38. step 11 to resolving conflict Adapted from an article by Ron Jenson:used with permission • But do it using all the principles we’ve talked about • What if that person doesn’t respond? Then bring one or two more people with you for clarification, your goal here isn’t to beat up on the person but to provide clarity about the issues. • You may even be wrong yourself?

  39. step 11 to resolving conflict Adapted from an article by Ron Jenson:used with permission • Be humble, share how you feel about the conflict and let the other person share his or her perspective • Whatever you do, don’t embarrass people in public • Give them the opportunity to address and resolve the issue in private first.

  40. step 12 to resolving conflict Adapted from an article by Ron Jenson:used with permission • Be gentle. People are fragile • People are fragile remember that • Treat people with grace and kindness • They are fragile like eggshells • The person with whom you are in conflict may seem like a hard-hearted jerk. But trust me they are fragile even if hardened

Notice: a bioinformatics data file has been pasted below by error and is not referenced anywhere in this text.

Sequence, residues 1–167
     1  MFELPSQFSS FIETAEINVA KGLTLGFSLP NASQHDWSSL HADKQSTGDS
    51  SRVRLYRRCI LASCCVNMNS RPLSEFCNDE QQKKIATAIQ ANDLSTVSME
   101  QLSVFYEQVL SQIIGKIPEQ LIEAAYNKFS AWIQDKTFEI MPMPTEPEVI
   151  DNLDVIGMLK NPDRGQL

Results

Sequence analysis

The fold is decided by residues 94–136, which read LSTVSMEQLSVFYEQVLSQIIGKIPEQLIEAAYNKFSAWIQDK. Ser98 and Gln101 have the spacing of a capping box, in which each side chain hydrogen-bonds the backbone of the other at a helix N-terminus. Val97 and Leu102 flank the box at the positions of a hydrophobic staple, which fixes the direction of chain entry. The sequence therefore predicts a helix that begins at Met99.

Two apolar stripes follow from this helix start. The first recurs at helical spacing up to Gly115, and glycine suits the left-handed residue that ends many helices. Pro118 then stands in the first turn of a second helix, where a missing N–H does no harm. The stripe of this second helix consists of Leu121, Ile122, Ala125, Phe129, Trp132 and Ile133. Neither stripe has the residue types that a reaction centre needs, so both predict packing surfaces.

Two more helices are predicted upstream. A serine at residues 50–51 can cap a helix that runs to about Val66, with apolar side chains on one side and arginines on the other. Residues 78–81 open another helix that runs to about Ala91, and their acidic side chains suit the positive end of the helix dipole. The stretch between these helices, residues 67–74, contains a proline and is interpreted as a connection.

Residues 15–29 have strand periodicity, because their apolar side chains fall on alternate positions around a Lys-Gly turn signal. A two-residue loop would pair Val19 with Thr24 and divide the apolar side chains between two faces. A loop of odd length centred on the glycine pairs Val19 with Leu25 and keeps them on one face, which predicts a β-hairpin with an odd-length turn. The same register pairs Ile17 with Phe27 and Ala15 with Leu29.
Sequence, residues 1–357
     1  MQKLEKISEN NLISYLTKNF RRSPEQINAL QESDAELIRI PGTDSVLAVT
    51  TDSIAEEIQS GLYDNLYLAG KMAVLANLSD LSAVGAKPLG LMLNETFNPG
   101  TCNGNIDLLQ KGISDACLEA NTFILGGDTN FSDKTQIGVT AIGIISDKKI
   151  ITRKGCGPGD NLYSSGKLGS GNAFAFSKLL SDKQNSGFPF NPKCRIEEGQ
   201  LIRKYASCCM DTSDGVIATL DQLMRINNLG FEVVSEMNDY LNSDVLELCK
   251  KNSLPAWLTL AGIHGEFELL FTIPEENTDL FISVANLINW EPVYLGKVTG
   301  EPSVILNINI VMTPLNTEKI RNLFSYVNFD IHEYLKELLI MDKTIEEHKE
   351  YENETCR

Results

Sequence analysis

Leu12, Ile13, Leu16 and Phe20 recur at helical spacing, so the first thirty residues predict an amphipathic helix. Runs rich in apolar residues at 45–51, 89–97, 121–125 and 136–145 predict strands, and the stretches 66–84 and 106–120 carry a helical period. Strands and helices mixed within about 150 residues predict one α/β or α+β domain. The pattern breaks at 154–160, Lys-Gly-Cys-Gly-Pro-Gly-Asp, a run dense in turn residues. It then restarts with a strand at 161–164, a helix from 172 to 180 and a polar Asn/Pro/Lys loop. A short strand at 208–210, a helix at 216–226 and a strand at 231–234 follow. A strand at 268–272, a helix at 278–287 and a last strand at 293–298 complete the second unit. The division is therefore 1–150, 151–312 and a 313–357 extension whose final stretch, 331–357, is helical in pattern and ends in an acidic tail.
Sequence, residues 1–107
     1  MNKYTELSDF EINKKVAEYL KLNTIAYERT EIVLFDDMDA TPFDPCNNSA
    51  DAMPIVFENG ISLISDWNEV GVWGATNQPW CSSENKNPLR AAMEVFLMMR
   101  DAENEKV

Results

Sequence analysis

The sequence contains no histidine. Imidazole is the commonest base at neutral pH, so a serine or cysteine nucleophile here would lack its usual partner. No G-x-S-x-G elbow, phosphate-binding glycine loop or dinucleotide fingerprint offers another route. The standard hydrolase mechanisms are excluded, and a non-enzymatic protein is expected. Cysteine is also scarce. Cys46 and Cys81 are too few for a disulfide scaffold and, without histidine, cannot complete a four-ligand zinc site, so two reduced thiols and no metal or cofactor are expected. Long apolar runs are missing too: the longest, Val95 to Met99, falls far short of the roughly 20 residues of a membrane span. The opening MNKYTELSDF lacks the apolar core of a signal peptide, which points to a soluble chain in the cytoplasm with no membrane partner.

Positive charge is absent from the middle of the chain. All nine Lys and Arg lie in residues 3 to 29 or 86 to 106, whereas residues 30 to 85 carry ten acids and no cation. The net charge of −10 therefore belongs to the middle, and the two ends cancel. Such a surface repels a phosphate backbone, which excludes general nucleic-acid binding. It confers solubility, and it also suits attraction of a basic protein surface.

41. step 12 to resolving conflict Adapted from an article by Ron Jenson:used with permission • So be gentle. Gentleness is the same word for meekness. Someone has said, “Meekness is not weakness.” And it isn’t. • Meekness or gentleness means “strength under control.” So think of a wild horse whose will has been broken but whose spirit is alive and well • You should be dynamic, powerful and intentional • Hey, your job is to speak the truth, but you should also be gentle, kind and gracious.

  42. summary to resolving conflict Adapted from an article by Ron Jenson:used with permission • Don’t hold back. Be a leader and take action. • These principles take you through the process of clarifying and resolving conflict • So now start practicing connecting with those closest to you!

  43. more information This presentation available online at www.resolveconsulting.net search on NZACS • Ross Henson • Associate • Resolve Consulting Group • P +61 430 072 593 • E ross@resolveconsulting.net • W www.resolveconsulting.net